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Managing Sickle Cell Disease

Sickle cell disease has many variations and affects every person differently. You are your own best advocate! Educate yourself on the current treatment options for sickle cell disease. Increase your awareness and take your health options into your own hands so that you can be informed as you work with your healthcare team to develop a plan specific to your needs.

Child at the Pediatrician
Doctor's Appointment

Who Is on Your Health Care Team?

General Practitioner 

Your GP and Primary Care Providers role is to serve as your routine health care provider. They handle your care from pediatrics to adulthood and act as a liaison between your specialists and health care team.  Having a health care provider that is familiar with sickle cell anemia and the effects it can have on your body is ideal but not always a guarantee


In addition to your primary care provider sickle cell patients should also see a hematologist for routine blood tests to ensure proper management of their condition. If patients are on pharmacological medication, it is especially important to have routine blood work that measures your hemoglobin and white blood cell counts.

Specialists/Holistic Care

Health Care providers often suggest vitamins like Folic acid to aid Sickle Cell patients in combating symptoms characteristic of the condition. Folic acid is a synthetic pharmacological source of the vitamin Folate also known as Vitamin B9 which is often found in green leafy vegetables, nuts, and grains.


Sickle cell disease has many variations and affects every person differently. The current treatments for sickle cell are focused on managing the symptoms of the condition, as research is ongoing to identify a better course of treatment to alleviate symptoms for patients.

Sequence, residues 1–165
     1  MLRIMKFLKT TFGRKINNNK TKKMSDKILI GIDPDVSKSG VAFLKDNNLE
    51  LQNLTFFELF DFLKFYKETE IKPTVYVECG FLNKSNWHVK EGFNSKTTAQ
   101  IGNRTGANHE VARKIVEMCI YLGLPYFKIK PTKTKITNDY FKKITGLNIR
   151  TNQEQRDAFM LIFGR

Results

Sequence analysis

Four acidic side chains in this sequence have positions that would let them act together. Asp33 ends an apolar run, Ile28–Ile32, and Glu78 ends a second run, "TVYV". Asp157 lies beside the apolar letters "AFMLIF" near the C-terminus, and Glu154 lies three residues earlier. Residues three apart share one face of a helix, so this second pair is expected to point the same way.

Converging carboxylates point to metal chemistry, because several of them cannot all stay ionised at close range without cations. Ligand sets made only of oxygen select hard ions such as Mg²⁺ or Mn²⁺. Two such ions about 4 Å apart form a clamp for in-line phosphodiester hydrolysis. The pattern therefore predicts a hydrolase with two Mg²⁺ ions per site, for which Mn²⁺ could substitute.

Pharmacological Care:

  • Hydroxyurea: Originally hydroxyurea was used as a oral medication for several types of cancer in 2017 the FDA approved its use for sickle cell disease patients. Hydroxyurea is used to raise the level of fetal hemoglobin present in the body, which in turn benefits the bodies red blood cells by keeping their shape round, squishy and flexible.

  • Chronic Pain Management: NSAID’S like Ibuprofen Diclofenac and opioids like morphine Depending on the pain level health care providers typically administer

  • Penicillin: Prescribed in sickle cell patients beginning from infancy to 5 years of age. Penicillin is used to help fight the possibility of infection in children until they are vaccinated at school age. Penicillin also helps protect sickle cell patients who are immunocompromised, whether by side effect of prolonged medication use or illness.


Blood Transfusion:


Blood Transfusions are used to help alleviate sickle cell complications in symptomatic patients that are deemed high risk. There are two types of transfusions currently offered to sickle cell patients: A red blood cell exchange and a simple transfusion; each carries its own risks and side effects such as infection, an adverse immune response to the antigens in donated blood, and iron overload, which is an excessive build up of iron in the body.  

Is There a Cure for Sickle Cell


- Unfortunately, Not Yet.

Hematopoietic stem cell transplant (HSCT)

  • There have been instances where sickle cell patients aged anywhere form children, teenagers to adults have received stem cell transplants that have in some instances successfully reversed the symptoms of sickle cell disease.

  • Bone Marrow Transplants are currently the only identified cure for sickle cell disease. A Bone marrow transport procedure transplants healthy bone marrow donated from a genetically compatible donor, usually a sibling or a donation from a parent. These procedures are c
    complicated and considered very risky as the preparation for such a procedure involves using chemotherapy and medications to suppress the patient’s immune system to reduce chances of rejection, in preparation for their new bone marrow.

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